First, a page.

Lower Permitting Fees For Some “Midrise” Construction Projects

County Executive Isiah Leggett announced on Nov. 4 changes in permitting structure fees for “midrise” woodframe construction in the County. The change reduces from $8 million to $4.5 million the threshold at which lower permitting fees kick in, a 44 percent reduction in the threshold.

“With recent master plan changes and building code changes, mid-rise woodframe construction has become increasingly popular for multi-family projects,” said Leggett.

“Projects of this type involve multiple connected buildings which, prior to this reduction, were being assessed permitting fees at levels more appropriate to highrises.”

To address this fee anomaly, while balancing the reality that these projects generally involve more reviews and inspections, a workgroup of government and industry representatives reached a consensus upon the reduced threshold.

downtowncrown4For the sample projects that were reviewed, this regulation will result in a fee reduction ranging from $338,503 to $410,144 for each project.

Overall, it is expected that this will result in an annual reduction of fees in excess of $1 million. This fee reduction is in addition to the Department of Permitting Services automation fee reduction the County Executive transmitted to the County Council in September which projected an overall estimated customer savings of $1.5 million. Thus, annually, the collective savings is estimated already to be in excess of $2.5 million.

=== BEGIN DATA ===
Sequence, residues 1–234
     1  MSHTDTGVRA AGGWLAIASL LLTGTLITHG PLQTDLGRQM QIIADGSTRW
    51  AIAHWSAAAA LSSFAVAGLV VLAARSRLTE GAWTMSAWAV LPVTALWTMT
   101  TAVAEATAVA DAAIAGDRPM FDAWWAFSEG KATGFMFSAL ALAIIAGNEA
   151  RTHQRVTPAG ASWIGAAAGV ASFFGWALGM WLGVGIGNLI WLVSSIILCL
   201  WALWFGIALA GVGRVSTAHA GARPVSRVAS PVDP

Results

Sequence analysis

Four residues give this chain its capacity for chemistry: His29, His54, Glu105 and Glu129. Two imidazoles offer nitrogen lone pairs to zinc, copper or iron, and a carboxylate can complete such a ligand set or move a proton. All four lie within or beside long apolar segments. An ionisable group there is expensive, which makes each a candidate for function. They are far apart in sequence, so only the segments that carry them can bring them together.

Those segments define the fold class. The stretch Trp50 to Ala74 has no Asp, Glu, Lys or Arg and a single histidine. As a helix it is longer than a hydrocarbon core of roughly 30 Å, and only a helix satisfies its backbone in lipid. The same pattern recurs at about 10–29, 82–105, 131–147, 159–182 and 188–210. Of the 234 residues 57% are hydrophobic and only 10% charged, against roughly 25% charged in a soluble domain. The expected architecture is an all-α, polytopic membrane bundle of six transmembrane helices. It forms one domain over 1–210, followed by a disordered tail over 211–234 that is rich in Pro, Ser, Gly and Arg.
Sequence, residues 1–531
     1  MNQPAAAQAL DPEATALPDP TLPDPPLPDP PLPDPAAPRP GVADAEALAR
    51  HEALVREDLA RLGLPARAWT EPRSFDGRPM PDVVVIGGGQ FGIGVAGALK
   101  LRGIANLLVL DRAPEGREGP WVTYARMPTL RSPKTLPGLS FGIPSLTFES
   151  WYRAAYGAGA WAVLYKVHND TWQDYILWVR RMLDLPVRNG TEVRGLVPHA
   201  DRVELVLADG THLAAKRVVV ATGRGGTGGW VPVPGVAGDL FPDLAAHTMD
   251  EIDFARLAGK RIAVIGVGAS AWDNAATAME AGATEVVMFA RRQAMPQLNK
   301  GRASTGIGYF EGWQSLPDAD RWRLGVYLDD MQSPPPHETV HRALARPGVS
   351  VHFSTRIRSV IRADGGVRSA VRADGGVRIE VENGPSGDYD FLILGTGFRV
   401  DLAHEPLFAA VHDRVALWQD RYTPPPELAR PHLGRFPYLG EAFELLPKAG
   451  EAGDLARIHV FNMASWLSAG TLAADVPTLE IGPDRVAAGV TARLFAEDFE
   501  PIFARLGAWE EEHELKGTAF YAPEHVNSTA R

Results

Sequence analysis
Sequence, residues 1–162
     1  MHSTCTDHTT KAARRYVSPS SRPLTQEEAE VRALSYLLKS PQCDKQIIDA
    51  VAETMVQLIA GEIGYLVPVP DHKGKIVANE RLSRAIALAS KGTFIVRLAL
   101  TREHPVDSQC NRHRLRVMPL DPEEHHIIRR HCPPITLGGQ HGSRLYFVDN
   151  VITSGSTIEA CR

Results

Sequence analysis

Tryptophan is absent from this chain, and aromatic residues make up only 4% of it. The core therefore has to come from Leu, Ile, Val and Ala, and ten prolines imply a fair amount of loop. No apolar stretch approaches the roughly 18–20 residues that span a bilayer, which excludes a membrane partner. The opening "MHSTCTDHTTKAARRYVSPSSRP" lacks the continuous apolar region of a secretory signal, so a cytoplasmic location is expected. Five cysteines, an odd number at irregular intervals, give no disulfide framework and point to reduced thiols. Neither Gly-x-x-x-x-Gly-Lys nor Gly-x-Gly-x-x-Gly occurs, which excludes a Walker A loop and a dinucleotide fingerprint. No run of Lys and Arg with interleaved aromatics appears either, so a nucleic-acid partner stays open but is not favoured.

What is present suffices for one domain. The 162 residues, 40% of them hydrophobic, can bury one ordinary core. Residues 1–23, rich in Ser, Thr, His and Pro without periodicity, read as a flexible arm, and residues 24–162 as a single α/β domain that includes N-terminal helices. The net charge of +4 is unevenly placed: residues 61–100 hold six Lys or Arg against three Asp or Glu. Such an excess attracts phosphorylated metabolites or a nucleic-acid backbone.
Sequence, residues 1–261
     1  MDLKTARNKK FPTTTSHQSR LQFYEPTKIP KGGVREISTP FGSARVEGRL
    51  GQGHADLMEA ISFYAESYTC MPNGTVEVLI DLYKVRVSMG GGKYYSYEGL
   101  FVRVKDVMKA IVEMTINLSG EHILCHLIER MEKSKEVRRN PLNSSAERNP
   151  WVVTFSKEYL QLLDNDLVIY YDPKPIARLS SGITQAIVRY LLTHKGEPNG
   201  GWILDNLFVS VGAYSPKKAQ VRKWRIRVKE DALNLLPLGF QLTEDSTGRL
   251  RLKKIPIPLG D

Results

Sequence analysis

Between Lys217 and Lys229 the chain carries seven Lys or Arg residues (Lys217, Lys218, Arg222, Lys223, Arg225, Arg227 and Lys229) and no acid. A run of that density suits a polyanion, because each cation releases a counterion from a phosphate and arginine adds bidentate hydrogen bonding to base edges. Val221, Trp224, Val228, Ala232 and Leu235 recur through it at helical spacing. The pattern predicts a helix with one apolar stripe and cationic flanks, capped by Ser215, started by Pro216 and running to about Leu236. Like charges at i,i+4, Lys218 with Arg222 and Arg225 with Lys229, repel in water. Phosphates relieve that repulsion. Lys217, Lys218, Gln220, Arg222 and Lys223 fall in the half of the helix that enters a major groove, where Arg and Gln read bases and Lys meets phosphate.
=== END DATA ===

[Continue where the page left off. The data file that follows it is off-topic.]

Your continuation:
“This is just another piece of my ongoing Streamlining initiative I announced last year that is designed to make the County more business-friendly and to make it easier to construct housing, especially transit-oriented housing, to meet the future needs of a growing County,” said Leggett.

“The development process in this County is complicated and fragmented, redundant and expensive. The time to make changes is now – to take full advantage of a rebounding economy. We have already worked with stakeholders and have identified more than 60 areas in which improvements are recommended. These improvements are expected to cut approximately one year from development and construction projects which will in turn improve net present value of projects in Montgomery County. A streamlined process is good for everyone. It means projects are completed and available faster. This will add more investment, more jobs, and improve the County’s tax base sooner, not later. Among our accomplishments so far was the consolidation of fire inspections of new commercial and residential construction under the Department of Permitting Services. We completed 2,635 fire system inspections last year, saved our customers in excess of $1 million and what previously took as long as six weeks to complete now takes one business day, and at no additional cost.”

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